play Devil's Advocate and see if there is anything to salvage. It
        occurred to me that the Library theme was actually rather
        intelligent. It has been a post-modernist fixation, shared by the
        writer Borges and philosophers such as Vattimo, that the entire
        edifice of human thought is a massive library, stretching out into
        infinity. People's stories are constantly read and re-read and no
        book is ever the same after having been read more than once. That is,
        re-interpreting an already interpreted story is yet another leap from
        the 'original' reality.

        In this way, Yamibou does something to convey the feebleness of
        mortal life (Hazuki herself, who struggles vainly against the nature
        of the Universe) and the redemptive power of attachments that can
        transcend interpretation and become universal forces onto themselves.
        I align myself with those fans of the series who found the ending
        rather touching. There is an almost Ganymede-like quality in Hatsumi
        (who, to the best of my knowledge, is a semi-divine being) honouring
        her attachment to Hazuki in the only way which is cosmically
        feasible: that is, ensuring that her next avatar in Hazuki's
        particular book (ie. plane of existence) is born out of the woman she
        loves.

        This integrates something of a Gnostic/pseudo- Christian element.
        Obvious pregnancy motifs aside, when Hatsumi is away, Lilith behaves
        like a sort of capricious, flawed Demiurge. Her name, in and of
        itself, reflects the rather ambiguous nature of her role (Lilith/Eve) .

        In the end, when one takes a meta-narrative key to the plot, the
        series is rather enjoyable, inasmuch as it echoes some of humanity's
        much cherished myths. There is something quite powerful about 'taking
        the plunge' against an unfathomable and uncaring universe for those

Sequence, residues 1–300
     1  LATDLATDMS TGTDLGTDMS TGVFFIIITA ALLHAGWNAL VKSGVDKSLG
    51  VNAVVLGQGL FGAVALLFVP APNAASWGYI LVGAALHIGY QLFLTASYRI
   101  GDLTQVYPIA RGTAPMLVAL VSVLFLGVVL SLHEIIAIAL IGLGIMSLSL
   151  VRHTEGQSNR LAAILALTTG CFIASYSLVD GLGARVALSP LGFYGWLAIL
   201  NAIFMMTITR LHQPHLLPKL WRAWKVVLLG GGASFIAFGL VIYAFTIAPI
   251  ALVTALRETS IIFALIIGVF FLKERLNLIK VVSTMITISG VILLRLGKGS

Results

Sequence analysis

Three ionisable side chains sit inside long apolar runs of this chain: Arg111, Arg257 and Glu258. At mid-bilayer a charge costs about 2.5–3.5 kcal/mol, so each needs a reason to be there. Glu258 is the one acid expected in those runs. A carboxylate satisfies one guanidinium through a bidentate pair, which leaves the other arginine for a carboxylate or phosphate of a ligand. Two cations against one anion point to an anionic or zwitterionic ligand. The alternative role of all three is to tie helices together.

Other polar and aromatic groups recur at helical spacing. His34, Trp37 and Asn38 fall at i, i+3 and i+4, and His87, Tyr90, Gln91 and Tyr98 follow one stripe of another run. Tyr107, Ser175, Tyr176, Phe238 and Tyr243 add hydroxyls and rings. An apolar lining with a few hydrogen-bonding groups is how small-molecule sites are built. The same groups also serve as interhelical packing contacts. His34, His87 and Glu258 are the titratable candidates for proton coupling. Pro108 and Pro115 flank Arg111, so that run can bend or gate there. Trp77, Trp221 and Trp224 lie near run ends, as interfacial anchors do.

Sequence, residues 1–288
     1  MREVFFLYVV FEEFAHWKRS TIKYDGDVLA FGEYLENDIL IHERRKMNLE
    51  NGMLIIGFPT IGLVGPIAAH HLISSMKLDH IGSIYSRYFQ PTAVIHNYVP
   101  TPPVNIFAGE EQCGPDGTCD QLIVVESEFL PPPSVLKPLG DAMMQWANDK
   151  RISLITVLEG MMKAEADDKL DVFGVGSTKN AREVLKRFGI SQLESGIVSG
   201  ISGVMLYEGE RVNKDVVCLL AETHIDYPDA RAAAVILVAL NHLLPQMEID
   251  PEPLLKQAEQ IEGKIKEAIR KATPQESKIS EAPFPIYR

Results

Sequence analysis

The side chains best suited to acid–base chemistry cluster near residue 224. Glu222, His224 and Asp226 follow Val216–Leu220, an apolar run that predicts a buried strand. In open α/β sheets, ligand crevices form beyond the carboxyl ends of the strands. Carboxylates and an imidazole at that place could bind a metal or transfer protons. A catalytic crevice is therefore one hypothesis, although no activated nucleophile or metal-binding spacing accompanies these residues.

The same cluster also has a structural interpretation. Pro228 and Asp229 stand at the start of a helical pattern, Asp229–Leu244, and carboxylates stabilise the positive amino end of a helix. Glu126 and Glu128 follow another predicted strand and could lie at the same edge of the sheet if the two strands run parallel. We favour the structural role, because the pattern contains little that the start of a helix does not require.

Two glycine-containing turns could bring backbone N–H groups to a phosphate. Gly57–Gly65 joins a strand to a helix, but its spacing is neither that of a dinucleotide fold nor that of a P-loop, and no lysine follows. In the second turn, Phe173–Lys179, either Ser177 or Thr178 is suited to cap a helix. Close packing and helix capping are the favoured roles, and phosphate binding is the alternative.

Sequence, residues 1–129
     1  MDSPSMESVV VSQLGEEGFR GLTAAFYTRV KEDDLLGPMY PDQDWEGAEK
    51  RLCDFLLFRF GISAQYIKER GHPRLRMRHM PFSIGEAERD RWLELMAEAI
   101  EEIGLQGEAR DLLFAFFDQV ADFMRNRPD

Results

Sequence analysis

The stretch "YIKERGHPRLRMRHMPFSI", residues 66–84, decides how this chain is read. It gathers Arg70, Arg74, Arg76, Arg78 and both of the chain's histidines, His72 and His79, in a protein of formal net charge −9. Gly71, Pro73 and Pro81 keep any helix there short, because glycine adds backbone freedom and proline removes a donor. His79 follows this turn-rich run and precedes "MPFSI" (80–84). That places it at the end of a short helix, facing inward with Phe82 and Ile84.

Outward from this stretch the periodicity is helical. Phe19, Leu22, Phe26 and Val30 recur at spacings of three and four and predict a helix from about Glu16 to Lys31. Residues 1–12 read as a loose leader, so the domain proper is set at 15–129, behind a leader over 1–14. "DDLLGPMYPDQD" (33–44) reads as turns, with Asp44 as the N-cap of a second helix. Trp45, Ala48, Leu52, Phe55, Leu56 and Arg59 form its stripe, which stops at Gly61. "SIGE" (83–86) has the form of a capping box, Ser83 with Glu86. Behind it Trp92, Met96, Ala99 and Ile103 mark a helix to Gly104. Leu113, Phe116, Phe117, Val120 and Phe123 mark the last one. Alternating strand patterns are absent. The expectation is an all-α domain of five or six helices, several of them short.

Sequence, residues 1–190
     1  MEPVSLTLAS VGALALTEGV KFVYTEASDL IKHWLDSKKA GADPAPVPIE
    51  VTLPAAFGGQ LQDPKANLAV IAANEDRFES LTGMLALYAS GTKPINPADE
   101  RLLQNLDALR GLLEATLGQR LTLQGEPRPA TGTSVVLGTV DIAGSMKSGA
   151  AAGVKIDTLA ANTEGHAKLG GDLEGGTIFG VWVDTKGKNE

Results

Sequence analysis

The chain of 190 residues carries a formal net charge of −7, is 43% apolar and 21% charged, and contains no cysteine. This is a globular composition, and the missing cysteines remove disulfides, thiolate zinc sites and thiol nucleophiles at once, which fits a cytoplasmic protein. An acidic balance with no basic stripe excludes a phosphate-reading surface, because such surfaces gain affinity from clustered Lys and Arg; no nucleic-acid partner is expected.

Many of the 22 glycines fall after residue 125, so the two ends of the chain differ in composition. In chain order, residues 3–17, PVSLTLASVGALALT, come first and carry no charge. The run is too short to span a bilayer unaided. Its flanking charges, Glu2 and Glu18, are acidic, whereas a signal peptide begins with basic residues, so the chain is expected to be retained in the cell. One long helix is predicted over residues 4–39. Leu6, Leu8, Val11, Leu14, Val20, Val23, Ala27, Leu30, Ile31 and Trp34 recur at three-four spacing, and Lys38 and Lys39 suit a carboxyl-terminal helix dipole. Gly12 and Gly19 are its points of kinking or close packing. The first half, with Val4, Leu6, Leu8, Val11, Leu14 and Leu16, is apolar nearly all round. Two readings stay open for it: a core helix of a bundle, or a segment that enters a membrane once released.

one loves. It becomes a Classical descent into the Underworld and, in
        terms of conceptual vision, is not bad at all for being an anime
        based on an H-game.

      • crimsonlotus20
        Come on, that s below the belt: what does Terry Pratchett have to do with Yuri? Regards, MdG ... there an ... Behalf Of ... me to ... is, ... from ... nature
        Message 3 of 7 , Nov 6, 2007
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          Come on, that's below the belt: what does Terry Pratchett have to do
          with Yuri?

          Regards,
          MdG

          --- In Yuricon@yahoogroups.com, "Ellen Kuhfeld" <ellen@...> wrote:
          >
          > I would call it, perhaps, bookspace. And I'd only accept it were
          there an
          > Orangutan to serve as Librarian.
          >
          > Oook - Ellen Rose
          >
          >
          >
          > -----Original Message-----
          > From: Yuricon@yahoogroups.com [mailto:Yuricon@yahoogroups.com]On
          Behalf Of
          > crimsonlotus20
          > Sent: Monday, November 05, 2007 6:19 PM
          > To: Yuricon@yahoogroups.com
          > Subject: [Yuricon] Some (untidy) thoughts on Yami to Boshi to Hon no
          > Tabibito
          >
          >
          > I know Erica panned the plot in her review on Okazu, but, allow
          me to
          > play Devil's Advocate and see if there is anything to salvage. It